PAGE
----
From the beginning it was difficult to make the lodge a paying proposition. Steep prices for food and high employees' salaries lessened profits considerably. This combined with short seasons and large crowds made it difficult for Parkhurst to bring the operation up to the standards he desired. Conditions ultimately became so unbearable due to overcrowding and bad management that the National Park Service decided that the public interest demanded aggressive action. In July 1920 Stephen T. Mather, director of the Service, announced that Parkhurst was being ousted from control of the lodge and the other tourist accommodations and had been ordered to release his concession within two weeks. After much discussion as to the proper course to follow on future management of the lodge, a new organization, the Crater Lake National Park Company, was formed in 1921, composed mostly of Portland businessmen.

The lodge was still considered incomplete at that time. A visitor remarked that the structure was a long, gray building of rustic design, with a first story of native stone and frame construction above. Inside was a great rustic lounge with a huge fireplace that could accommodate a six-foot log. The dining room was a huge apartment with ceiling and wainscoting of pine slabs covered with silver-gray bark. [4]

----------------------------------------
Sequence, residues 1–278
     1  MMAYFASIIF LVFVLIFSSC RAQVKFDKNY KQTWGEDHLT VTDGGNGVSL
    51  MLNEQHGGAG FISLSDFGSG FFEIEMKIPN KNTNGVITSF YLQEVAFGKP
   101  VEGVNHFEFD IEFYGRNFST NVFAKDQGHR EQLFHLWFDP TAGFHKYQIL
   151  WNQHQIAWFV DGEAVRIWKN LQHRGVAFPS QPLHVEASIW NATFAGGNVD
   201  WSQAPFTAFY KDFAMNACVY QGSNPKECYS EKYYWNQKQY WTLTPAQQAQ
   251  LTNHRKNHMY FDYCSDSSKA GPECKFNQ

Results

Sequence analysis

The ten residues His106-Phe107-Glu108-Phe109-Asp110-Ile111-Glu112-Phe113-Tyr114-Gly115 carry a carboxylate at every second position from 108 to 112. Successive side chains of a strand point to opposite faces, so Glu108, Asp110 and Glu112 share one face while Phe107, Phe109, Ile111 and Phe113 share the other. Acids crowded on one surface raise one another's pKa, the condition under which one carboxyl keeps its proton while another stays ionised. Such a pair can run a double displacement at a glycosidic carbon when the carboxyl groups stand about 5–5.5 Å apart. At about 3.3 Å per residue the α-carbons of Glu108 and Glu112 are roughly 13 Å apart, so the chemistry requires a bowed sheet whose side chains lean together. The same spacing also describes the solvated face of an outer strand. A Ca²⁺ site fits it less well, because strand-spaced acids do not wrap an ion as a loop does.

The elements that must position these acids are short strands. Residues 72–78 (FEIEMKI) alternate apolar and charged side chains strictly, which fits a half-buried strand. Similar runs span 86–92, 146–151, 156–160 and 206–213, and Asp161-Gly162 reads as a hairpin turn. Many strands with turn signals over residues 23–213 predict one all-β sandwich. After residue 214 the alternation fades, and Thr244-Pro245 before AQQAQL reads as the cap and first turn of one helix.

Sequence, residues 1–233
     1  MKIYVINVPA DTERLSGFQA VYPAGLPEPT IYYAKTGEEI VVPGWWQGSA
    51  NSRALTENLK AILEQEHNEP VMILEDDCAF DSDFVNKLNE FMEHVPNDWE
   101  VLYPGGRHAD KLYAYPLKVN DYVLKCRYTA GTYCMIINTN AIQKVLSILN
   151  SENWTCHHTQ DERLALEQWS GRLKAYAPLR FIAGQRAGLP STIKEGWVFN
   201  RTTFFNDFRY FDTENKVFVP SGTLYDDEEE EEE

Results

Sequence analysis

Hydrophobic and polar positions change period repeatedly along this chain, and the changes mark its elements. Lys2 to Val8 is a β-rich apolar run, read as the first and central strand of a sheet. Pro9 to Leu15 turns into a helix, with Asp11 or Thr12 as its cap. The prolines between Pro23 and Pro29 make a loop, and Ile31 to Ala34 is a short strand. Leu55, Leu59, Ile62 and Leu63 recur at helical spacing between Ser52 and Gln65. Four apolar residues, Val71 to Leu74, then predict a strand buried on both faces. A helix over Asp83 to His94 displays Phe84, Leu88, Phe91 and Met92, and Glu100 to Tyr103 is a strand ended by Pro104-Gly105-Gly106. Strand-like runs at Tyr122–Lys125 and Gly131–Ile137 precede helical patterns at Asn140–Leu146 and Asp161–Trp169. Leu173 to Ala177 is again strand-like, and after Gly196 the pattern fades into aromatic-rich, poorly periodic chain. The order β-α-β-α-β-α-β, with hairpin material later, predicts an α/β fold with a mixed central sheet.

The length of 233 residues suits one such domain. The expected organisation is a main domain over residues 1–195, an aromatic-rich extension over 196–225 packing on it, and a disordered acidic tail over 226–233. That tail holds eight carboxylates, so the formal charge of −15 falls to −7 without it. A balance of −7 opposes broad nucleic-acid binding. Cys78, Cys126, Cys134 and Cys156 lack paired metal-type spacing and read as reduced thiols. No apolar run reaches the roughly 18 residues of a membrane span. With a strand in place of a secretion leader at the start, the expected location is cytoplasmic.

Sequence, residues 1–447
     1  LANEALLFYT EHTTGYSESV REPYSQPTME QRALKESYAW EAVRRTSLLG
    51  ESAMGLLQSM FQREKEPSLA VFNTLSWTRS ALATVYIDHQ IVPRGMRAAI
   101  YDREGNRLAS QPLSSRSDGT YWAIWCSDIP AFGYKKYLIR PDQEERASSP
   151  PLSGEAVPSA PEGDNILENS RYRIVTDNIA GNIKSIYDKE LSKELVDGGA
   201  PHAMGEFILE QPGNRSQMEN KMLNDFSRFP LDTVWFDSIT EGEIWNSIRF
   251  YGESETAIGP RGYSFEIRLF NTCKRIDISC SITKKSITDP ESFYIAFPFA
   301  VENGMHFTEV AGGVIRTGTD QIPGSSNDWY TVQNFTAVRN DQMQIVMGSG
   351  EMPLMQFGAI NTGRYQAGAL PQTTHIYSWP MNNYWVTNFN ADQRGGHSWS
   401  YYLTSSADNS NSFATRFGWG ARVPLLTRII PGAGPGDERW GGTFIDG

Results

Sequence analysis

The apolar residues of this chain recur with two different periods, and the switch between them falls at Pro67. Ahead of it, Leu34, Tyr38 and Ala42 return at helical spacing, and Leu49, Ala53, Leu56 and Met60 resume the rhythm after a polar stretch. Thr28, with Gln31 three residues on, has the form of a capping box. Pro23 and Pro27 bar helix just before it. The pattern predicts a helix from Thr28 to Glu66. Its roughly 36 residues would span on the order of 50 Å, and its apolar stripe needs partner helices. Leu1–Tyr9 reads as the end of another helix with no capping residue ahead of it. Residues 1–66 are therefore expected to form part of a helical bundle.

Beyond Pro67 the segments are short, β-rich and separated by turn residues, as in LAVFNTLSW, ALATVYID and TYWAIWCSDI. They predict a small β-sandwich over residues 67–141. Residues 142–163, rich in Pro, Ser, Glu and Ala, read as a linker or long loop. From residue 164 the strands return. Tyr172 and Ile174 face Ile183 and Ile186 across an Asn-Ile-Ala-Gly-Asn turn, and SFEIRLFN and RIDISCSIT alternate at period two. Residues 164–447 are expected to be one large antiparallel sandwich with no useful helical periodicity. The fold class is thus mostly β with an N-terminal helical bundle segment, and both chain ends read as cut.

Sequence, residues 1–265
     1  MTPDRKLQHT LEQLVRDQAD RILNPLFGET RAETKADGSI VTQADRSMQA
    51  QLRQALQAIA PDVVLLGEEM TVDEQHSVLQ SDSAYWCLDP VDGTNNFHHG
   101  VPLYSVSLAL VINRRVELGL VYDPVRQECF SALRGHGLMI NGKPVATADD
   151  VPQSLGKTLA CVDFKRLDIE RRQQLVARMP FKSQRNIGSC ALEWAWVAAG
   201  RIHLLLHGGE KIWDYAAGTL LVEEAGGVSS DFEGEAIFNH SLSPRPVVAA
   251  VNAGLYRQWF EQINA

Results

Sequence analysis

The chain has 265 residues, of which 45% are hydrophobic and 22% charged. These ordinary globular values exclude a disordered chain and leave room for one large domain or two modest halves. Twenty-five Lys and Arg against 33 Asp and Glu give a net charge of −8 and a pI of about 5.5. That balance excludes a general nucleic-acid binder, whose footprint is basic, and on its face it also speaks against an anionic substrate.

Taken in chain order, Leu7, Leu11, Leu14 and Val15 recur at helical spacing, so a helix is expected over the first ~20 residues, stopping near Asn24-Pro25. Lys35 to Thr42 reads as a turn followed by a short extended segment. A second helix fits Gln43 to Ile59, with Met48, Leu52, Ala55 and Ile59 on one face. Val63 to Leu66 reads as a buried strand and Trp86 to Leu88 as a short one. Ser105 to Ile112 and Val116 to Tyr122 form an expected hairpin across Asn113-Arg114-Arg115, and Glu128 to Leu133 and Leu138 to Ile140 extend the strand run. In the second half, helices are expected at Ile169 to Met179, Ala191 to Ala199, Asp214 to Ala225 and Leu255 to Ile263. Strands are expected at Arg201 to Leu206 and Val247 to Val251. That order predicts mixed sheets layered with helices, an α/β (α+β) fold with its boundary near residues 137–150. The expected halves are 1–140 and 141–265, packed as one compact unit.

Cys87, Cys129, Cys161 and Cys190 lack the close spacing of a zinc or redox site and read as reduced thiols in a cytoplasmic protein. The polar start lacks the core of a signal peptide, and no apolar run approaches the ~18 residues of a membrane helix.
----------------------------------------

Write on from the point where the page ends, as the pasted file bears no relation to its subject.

By the summer season of 1922 Crater Lake Lodge and the other concessions were completely owned by the Crater Lake National Park Company. This group also acquired Anna Spring Camp (old Camp Arant), with all associated buildings and outhouses; all property used in connection with the lodge, hotel, and camp; and the hotel, camp, and transportation concessions. On July 11 excavation commenced on a new $80,000 eight-room addition to the lodge, which upon completion would be used while the older section was reconstructed. The architectural style of the new wing closely followed the original lodge design, with stone foundations, stone blocks used for walls up to the second floor, and frame construction for the remainder.

C. Cafeteria and Cabins Added to Rim Village